The Dead Sea mountains.
Dropping out of the highlands back down to the Dead Sea did not turn out to be quite the bike ride that I had hoped it would be. Instead of taking the same route down, I opted to go another way that would take me over new terrain. I rode the plateau for an hour or two before I got to go downhill. When I did get to the downhill, day light was fading. I was able to enjoy half of the downhill, but it was dark before I got all the way down.
The road across the wadi (river canyon) in the Jordan highlands.
On the way down, I passed a police check point. The regular routine ensued. "Who are you? Welcome, welcome! Where are you from? American? Obama! We like Obama! Where are you going? You are going there? That is too dangerous. You can't go there. Yes, I can. I have been biking since Austria. Since Australia? No, since Vienna. Oh. . . . well, OK. It is very dangerous though. Be careful. Thank you, ma salama." And away I go.
It turned out that they might have been right about the danger. I should not have been riding at dark. As I descended back down to the Dead Sea highway, I saw very few cars but one pulled into my lane as I was going by. I don't know if he was trying to scare me or just wanting to use up the entire road. I didn't like it. I didn't really have a choice about stopping though. Betty had my gear in the cab. I ended up riding at dark because I made a mistake about what time the sun sets. I thought it set at 6pm. It really set at 5pm. I had been caught in a timezone change. Oops!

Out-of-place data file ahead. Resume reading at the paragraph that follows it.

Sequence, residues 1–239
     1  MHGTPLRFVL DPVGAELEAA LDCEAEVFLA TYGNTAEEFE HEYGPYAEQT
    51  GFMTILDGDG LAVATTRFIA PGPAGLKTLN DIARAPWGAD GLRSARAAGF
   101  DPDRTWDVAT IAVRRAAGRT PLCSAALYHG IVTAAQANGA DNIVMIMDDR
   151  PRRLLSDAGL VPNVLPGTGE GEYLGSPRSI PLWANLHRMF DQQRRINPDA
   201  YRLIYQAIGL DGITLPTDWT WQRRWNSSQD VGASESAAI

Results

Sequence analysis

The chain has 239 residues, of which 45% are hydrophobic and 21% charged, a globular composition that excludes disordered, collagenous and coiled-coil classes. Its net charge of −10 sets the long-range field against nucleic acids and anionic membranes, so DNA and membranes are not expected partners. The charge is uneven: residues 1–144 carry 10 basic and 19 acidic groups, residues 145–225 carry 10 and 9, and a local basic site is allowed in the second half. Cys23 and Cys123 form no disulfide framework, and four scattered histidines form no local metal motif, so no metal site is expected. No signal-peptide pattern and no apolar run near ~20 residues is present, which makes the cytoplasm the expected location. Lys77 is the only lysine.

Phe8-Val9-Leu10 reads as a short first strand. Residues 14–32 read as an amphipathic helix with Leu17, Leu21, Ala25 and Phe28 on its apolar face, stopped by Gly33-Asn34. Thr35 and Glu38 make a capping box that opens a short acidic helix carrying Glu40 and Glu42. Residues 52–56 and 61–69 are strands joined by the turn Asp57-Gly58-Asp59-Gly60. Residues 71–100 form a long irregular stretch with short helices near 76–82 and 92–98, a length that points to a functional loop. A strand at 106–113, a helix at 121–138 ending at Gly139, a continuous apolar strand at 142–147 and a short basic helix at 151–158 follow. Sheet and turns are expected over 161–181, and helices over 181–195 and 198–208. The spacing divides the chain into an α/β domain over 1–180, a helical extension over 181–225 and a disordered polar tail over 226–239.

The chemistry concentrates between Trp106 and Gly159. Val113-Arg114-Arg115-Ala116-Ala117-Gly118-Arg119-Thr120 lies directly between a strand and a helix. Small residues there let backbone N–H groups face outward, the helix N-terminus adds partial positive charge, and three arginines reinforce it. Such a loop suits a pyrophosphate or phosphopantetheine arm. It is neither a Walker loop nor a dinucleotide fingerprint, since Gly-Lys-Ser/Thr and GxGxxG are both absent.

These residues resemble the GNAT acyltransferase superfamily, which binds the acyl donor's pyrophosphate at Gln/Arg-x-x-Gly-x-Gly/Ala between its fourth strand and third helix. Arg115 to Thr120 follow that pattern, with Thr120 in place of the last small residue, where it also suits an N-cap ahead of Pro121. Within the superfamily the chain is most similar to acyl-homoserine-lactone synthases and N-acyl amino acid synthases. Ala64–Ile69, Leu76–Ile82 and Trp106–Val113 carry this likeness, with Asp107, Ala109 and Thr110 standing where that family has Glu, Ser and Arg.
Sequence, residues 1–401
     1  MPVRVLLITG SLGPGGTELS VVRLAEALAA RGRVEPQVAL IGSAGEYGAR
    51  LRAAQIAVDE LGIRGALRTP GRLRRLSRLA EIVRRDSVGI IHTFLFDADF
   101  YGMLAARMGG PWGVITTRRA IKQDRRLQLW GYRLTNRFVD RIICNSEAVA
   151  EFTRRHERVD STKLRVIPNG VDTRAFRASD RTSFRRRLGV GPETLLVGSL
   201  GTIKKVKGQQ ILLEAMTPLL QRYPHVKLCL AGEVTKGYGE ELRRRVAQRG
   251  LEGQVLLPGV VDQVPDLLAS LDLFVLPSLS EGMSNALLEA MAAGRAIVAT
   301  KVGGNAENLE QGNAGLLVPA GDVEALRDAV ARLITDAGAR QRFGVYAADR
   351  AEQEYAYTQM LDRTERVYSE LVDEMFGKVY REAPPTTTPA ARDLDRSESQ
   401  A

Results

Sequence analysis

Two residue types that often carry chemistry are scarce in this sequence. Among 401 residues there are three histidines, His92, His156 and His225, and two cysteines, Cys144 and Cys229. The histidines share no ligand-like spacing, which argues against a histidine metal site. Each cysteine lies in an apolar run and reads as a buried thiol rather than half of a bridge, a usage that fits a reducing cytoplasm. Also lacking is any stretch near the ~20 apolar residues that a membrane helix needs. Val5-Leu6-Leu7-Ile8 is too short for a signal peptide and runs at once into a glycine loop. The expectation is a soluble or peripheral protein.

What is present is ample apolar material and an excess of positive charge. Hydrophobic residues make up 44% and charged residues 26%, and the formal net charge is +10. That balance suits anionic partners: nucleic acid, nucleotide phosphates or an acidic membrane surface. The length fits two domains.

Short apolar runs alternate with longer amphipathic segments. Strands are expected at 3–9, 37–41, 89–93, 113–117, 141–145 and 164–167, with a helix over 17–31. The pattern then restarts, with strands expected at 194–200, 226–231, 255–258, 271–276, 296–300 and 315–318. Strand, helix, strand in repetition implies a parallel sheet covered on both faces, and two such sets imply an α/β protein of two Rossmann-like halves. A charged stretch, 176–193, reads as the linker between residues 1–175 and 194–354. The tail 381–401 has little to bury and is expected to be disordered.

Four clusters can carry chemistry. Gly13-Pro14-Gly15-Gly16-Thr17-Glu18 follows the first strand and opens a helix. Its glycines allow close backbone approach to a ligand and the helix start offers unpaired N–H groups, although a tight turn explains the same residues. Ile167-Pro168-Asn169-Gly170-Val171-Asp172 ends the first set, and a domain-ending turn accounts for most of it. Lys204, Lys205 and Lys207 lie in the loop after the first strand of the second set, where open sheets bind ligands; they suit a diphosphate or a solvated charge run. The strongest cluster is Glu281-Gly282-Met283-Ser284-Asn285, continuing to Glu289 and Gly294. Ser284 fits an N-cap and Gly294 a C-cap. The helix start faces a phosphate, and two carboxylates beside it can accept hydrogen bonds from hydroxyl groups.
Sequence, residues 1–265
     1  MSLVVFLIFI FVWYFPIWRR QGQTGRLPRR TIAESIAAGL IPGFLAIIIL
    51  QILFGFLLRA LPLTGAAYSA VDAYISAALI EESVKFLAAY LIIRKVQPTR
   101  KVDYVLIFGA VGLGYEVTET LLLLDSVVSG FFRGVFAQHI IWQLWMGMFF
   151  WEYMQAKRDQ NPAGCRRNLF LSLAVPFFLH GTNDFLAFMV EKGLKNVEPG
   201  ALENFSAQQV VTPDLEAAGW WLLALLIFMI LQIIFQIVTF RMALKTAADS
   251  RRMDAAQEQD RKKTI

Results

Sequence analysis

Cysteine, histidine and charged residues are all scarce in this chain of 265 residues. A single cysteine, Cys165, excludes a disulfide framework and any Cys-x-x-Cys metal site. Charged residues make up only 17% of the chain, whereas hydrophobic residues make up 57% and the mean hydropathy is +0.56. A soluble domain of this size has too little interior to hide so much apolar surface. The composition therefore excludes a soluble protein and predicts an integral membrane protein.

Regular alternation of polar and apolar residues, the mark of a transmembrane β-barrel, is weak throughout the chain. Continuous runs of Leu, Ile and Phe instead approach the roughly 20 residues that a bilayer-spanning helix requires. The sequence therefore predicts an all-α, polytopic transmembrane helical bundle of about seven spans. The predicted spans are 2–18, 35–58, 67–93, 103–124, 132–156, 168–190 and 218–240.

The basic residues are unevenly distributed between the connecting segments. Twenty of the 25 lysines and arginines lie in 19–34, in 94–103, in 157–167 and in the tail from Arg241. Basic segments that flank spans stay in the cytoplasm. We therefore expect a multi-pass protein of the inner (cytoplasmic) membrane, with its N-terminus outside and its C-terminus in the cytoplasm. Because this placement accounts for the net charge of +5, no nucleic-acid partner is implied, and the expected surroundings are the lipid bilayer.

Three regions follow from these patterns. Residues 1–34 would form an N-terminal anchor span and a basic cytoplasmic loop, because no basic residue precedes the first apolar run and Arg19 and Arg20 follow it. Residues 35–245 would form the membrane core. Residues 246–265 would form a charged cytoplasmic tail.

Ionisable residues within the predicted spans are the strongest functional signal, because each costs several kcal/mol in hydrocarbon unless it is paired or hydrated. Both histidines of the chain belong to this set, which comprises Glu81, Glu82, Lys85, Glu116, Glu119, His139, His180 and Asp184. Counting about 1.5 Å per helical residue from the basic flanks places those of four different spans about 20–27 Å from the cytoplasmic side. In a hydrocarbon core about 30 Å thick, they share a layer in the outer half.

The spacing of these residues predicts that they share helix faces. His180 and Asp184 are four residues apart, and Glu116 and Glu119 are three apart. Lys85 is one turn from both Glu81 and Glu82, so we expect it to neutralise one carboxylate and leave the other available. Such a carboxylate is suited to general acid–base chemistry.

The Jordanian Dead Sea coast view from our campsite.
By the time, I got down to the beautiful, mountain lined, Dead Sea Highway, it was dark. Very dark. Whenever cars came, I got off the road. As the evening wore on, the wind picked up. It was blowing garbage everywhere. It was swirling. Sometimes helping me. Sometimes stopping me. On one long stretch, I remember leaning to one side to counter act the crazy amount of wind that was blowing. I couldn't believe that I wasn't just falling over. At another point, I was about two feet from my first dog bite. I have had a lot of luck with the dogs this trip because I can usually see the danger coming. In the dark, I didn't see this one until he was almost on me and I was going up a hill. Ugh. Tired legs. Most of the Dead Sea highway is flat. There are some hills. I didn't like them when all I wanted to be is getting is off the road quickly.
Sunset over the Dead Sea.
When I finally rolled into the Wadi Mujib reserve area, it was not clear where the camping was. I had a map, but it didn't seem right. It had me going towards an industrial area and dog filled checkpoint. I thought I must be wrong and continued to the bridge that crosses the wadi (river canyon). After looking around, I realized that the industrial site must be near where I was camping, lovely. I went down towards the site, but luckily some guy stopped me and sent me in the right direction back along a rode that passed the checkpoint with all the dogs barking. I couldn't see them in the night to know if they were tied up or not and I was on a rocky road that I had no chance of outrunning dogs on. I found our campsite a couple minutes down the rocky road.
Our 'campsite' had a fantastic view.